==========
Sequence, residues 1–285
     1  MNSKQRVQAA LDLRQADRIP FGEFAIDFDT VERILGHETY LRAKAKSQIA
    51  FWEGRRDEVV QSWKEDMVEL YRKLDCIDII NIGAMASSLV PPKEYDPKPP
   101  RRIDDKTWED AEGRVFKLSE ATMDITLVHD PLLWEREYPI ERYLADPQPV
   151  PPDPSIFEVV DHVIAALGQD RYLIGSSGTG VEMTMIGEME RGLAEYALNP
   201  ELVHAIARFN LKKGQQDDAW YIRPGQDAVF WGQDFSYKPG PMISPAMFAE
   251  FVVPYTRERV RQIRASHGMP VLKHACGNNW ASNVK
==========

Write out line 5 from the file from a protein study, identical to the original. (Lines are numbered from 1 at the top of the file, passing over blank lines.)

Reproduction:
   151  PPDPSIFEVV DHVIAALGQD RYLIGSSGTG VEMTMIGEME RGLAEYALNP